Insights from neuroscience have shown that our brains crave certainty. Our brains are constantly looking for ways of working as efficiently as possible. This is why habits play such a crucial role, allowing our brains to momentarily ‘power down’, as we go through ingrained routines, saving valuable ‘brain energy’.
When things begin to change around us, especially at work when change can impact upon our established structures and routines, our brains go into high alert, scanning the changing environment for possible threats. The greater the uncertainty or change, the greater the risk of a threat.
Data may highlight insights that contradict what we believe or what we see, and this can also create uncertainty. It’s a bit like relying on your Sat Nav for journey information, and it sending you off on a different route to the one you are used to.
Many of us end up choosing to ignore the Sat Nav at this point, thinking it must be wrong, relying on the certainty of what we know, only to often realise that the Sat Nav was actually taking us on a route to avoid the heavy traffic we’re now stuck in. It’s happened to us all!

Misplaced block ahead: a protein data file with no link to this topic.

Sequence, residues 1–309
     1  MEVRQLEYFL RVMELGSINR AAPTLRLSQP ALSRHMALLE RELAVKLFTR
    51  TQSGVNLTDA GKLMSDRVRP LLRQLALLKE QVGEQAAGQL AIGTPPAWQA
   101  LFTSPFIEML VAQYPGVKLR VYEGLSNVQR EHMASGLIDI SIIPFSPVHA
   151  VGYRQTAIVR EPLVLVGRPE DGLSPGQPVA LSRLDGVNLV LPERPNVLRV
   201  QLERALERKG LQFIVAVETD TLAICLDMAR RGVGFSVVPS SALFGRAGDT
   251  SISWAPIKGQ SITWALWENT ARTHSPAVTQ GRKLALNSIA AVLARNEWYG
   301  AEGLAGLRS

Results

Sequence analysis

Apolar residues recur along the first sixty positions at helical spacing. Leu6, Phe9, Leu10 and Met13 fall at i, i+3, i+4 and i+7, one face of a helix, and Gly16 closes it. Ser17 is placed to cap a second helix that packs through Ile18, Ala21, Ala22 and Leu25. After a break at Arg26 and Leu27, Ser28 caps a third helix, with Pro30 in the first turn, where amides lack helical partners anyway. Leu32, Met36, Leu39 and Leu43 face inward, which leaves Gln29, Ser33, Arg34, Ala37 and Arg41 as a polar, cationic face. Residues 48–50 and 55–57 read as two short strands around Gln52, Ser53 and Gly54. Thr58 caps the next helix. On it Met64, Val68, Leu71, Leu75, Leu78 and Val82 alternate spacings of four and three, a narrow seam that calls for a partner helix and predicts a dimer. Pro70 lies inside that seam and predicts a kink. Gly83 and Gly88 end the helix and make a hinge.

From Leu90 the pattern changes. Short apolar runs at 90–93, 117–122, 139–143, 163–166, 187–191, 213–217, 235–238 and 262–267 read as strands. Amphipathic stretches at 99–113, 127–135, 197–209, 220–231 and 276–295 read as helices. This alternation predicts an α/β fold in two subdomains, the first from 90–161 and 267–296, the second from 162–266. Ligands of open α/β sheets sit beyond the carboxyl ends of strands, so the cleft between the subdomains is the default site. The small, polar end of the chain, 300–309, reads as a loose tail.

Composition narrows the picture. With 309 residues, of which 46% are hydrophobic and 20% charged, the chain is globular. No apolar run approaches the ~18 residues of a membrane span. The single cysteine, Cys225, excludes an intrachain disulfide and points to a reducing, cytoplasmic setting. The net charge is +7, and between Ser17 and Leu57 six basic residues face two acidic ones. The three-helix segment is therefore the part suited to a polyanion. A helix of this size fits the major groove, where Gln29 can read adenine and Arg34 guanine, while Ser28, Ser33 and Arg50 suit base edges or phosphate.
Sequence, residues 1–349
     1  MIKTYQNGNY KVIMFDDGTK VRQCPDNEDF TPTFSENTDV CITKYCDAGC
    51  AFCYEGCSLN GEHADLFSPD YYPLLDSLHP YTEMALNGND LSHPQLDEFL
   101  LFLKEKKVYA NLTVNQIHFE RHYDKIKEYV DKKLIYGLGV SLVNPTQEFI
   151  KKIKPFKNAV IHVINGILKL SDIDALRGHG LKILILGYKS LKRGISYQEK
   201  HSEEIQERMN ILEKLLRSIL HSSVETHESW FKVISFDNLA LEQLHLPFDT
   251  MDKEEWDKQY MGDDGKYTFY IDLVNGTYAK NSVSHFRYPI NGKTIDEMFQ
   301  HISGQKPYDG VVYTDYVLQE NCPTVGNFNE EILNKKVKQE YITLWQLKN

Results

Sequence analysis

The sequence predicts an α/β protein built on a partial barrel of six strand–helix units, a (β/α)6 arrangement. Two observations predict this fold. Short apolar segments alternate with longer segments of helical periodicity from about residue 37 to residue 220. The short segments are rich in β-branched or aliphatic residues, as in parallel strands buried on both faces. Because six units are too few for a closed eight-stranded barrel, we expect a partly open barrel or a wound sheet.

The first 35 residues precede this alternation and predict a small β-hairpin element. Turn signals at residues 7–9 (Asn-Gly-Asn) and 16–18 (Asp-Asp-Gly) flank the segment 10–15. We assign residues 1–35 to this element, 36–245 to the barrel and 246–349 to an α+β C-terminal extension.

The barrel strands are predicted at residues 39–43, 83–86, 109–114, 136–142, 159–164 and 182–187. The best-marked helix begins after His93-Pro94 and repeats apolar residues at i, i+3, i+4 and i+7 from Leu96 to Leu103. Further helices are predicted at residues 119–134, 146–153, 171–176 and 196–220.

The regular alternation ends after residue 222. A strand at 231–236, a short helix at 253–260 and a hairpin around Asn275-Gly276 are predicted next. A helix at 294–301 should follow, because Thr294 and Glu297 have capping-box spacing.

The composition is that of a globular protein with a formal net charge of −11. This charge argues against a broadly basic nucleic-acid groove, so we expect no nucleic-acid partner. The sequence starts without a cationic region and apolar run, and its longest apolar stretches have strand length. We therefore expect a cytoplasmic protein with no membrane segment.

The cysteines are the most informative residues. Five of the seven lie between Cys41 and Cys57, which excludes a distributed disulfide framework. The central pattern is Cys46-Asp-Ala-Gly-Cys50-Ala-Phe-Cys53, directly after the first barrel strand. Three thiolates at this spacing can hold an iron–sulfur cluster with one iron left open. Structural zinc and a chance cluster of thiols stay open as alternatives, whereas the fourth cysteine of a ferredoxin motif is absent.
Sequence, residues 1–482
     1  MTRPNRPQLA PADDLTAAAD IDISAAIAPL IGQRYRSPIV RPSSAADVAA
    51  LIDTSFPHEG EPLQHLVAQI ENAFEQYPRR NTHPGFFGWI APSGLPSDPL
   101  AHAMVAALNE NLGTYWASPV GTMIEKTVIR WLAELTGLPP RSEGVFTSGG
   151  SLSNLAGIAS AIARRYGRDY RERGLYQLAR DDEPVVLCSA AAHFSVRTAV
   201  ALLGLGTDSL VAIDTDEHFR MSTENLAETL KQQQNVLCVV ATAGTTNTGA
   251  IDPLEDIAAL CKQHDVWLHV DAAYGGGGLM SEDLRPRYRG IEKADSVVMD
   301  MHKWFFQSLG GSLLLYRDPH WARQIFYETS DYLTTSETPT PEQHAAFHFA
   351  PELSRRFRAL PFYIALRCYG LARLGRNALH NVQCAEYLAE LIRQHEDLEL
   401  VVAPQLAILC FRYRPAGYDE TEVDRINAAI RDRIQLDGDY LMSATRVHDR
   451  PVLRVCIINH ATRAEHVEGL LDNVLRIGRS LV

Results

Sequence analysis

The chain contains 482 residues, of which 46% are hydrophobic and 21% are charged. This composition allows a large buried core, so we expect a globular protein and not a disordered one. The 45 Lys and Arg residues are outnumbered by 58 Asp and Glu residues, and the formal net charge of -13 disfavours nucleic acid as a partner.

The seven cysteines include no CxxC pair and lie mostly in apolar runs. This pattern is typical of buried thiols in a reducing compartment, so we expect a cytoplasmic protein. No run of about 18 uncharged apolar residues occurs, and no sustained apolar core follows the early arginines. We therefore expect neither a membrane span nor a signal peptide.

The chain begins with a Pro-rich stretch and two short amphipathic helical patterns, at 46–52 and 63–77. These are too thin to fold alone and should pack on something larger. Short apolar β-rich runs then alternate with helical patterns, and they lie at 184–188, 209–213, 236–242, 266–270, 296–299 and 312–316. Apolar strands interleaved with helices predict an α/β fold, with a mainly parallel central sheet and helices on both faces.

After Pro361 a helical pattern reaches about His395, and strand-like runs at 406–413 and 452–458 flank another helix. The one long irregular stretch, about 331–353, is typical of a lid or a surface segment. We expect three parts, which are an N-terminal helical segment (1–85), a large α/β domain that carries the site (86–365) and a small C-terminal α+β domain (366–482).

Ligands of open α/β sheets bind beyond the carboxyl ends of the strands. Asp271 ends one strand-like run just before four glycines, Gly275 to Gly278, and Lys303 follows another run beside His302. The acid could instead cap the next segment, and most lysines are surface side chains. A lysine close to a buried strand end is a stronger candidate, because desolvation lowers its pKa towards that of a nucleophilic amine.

But in the workplace, we don’t always get to see the impact of our actions as directly as seeing the ‘traffic’ that the data was trying to help us avoid. This can then reinforce our view of the world as we repeat our approach to decision-making, through the perceived certainty of ‘gut feel’ and biases.
Just to be clear, the impact of these decisions will come out in the data somewhere – if you take time to look.
Now consider the employee’s perception of the people making the changes, which is often the senior leaders, who very few people know within the organisation or can relate to.
This environment where leaders are remote and often not visible, not very well known, often making decisions without the involvement of employees, combined with a lack of transparency of the data used to make the decisions for change, form the components for a failed change programme.
Communication and clarity are a key focus area in any change programme. Sharing why change is needed, as well what is and isn’t going to change, is crucial. There’s nothing worse than speculation. Often any news considered bad news is removed from any organisational communication cascade, as leaders might want to protect employees.